Both servings of Singapore Siu Dai offer comics and brief comedy sketches that exaggerate the ironies of life on the island and lovingly poke fun at aptly named fictional characters meant to caricature the island’s people.
Though I can’t help but feel that the target audience consists of people who are familiar with acronyms like MOE (Ministry of Education) and the ubiquitous Singlish speech particle ‘lah’, there’s a glossary that explains these and other potentially opaque terms, noting whether they are Malay, Cantonese, Hokkien, Mandarin or Singlish.
Luckily for foreign readers, one of the entries explains the phrase ‘siu dai’, which means ‘less sugar’, the idea being that these sketches depict Singapore, warts and all.
There’s a third Siu Dai book that I haven’t yet managed to snag.
When I Read Singapore Siu Dai 1 and 2
Singapore Siu Dai 1
Date started / date finished: 17-Nov-20 to 17-Nov-20
Length: 129 pages
Originally published in: 2014
Singapore Siu Dai 2
Date started / date finished: 19-Nov-20 to 23-Nov-20
Length: 139 pages
Originally published in: 2014
Award-winning Singaporean author Catherine Lim has written many books, but this is the first one to find its way into my collection. I don’t think it’s typical; it’s a rather short novel based on a cruise she went on.
I’m not a fan of semi-fictionalized stories (like Roots) that chase two rabbits and catch neither. Memoir-type stories are interesting as accurate representations of unusual situations, whereas novels entertain by telling carefully constructed, dramatic stories. If you’re composing a memoir, you create drama by choosing what to include and what to omit, but you don’t invent things. If you’re writing a novel, you invent pretty much everything. If you switch back and forth from recording to creating, I never know whether you’re relating something that happened, or something you imagined. The result is a feeling of cognitive dissonance.
The genesis of Meet Me was, according to the author’s preface, accidental, and its publication reluctant. When Lim was on the Queen Elizabeth 2, she wanted to write satirically about the people she met. After penning her thoughts, however, she found that the ship had subverted her intentions and made her instead write unflatteringly about herself, at which point she thought maybe she wouldn’t actually publish anything about the cruise. Nevertheless, here we are. And there she is on the cover.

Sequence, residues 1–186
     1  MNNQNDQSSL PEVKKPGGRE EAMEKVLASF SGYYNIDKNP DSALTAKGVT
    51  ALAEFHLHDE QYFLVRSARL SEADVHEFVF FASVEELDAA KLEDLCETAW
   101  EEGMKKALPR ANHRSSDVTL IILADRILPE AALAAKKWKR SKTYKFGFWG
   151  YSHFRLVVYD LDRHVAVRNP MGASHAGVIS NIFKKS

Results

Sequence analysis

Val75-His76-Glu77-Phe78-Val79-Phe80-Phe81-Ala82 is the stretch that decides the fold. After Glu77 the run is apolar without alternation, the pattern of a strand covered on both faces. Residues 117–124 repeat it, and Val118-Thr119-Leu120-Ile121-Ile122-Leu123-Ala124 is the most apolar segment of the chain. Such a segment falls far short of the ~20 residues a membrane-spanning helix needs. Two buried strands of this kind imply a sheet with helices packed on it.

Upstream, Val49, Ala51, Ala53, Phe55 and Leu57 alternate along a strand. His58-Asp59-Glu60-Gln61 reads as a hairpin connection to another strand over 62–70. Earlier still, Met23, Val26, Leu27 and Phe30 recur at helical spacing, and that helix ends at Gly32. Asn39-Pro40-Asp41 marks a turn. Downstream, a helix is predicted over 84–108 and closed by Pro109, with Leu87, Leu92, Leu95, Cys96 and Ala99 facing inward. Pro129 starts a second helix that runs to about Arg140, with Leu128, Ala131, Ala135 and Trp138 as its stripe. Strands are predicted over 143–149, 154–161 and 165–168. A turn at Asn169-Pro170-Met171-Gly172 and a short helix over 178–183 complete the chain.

If you’re going to read a navel-gazing book about a female author’s mid-life crisis, read Eat, Pray, Love. There’s a reason Elizabeth Gilbert’s quest to find God or a man or whatever is one that hundreds of thousands of people have read about and/or watched. To the extent that Gilbert rewrote her own experiences by leaving out the messy or unsatisfying bits, her story became stronger as a story. When we read narrative non-fiction, we still look for narrative as well as truth.
When and Why I Read Meet Me on the Queen Elizabeth 2
First book I've read by this well-known Singapore novelist.
Date started / date finished: 10-Oct-20 to 11-Oct-20
Length: 210 pages
Originally published in: 1993
Amazon link: Meet Me on the Queen Elizabeth 2
I attended a talk on worldbuilding by Singaporean author JY Yang and took some photos and notes. My notes are not comprehensive, but are hopefully characteristic.
In keeping with Yang’s preferences, in the notes below, I have used they/them/their pronouns. (Still, being somewhat of a traditionalist in the realm of English grammar, I wish there were a distinct gender-neutral singular.)
About JY Yang (from Sing Lit Station)
After six years of writing speculative fiction, JY Yang finally finds themselves at the end of the critically acclaimed and bestselling Tensorate series, with the fourth and final volume, The Ascent to Godhood, out in July this year. As a postcolonial feminist writer who deals specifically with gender, cultural imperialism and structures of power in their work, JY Yang is currently embarking on the epic journey of crafting their first novel-length work of fiction. Described as a far-future space opera centred on the descendants of a doomed generation ship, it has giant robots, space stations under siege, emperors and hierophants, holy artifacts and faster-than-light travel. It is Joan of Arc meets Gundam.
About the Event (Worldbuilding “Lecture” at Sing Lit Station)
There were no PowerPoint slides; I can’t imagine the talk proceeding in that way. Yang was animated, spontaneous, and concise in sharing about their struggles and successes as a writer. The talk was neither wholly about worldbuilding nor off-topic, neither wholly driven by the author nor wholly driven by the audience. The chairs were filled, but there was space for everyone. It was a good-sized group, but still felt intimate. A delightful event.
Continue reading New Terrain / New Works featuring JY Yang at Sing Lit Station